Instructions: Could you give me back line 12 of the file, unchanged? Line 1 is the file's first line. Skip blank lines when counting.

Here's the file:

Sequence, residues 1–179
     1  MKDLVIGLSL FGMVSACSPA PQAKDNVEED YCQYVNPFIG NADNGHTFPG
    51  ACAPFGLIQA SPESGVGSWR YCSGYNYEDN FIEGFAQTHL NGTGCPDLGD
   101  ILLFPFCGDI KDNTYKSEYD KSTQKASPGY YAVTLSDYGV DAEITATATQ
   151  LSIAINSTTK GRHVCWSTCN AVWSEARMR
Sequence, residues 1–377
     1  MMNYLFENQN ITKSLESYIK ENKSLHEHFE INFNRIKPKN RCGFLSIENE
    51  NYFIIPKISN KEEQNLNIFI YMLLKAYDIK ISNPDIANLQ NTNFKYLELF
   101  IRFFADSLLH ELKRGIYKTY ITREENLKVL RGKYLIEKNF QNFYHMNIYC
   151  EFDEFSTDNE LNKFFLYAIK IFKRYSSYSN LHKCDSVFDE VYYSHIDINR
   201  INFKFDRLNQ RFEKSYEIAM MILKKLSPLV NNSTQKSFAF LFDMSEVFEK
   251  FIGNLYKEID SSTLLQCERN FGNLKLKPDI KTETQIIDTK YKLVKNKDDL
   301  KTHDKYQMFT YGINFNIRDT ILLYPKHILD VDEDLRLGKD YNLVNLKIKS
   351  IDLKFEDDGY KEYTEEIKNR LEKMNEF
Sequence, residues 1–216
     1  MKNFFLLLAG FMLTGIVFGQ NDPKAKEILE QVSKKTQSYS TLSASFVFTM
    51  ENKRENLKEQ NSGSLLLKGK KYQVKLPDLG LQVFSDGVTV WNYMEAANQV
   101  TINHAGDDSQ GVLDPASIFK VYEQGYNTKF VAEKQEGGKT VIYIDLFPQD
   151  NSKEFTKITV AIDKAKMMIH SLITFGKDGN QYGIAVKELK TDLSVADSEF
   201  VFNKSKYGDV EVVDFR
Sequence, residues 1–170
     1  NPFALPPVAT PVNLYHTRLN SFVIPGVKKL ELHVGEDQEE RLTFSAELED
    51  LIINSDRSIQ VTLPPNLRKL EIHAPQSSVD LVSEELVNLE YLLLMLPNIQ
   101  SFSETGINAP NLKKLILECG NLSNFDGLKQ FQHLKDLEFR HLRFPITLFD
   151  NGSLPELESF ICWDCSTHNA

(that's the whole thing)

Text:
   251  FIGNLYKEID SSTLLQCERN FGNLKLKPDI KTETQIIDTK YKLVKNKDDL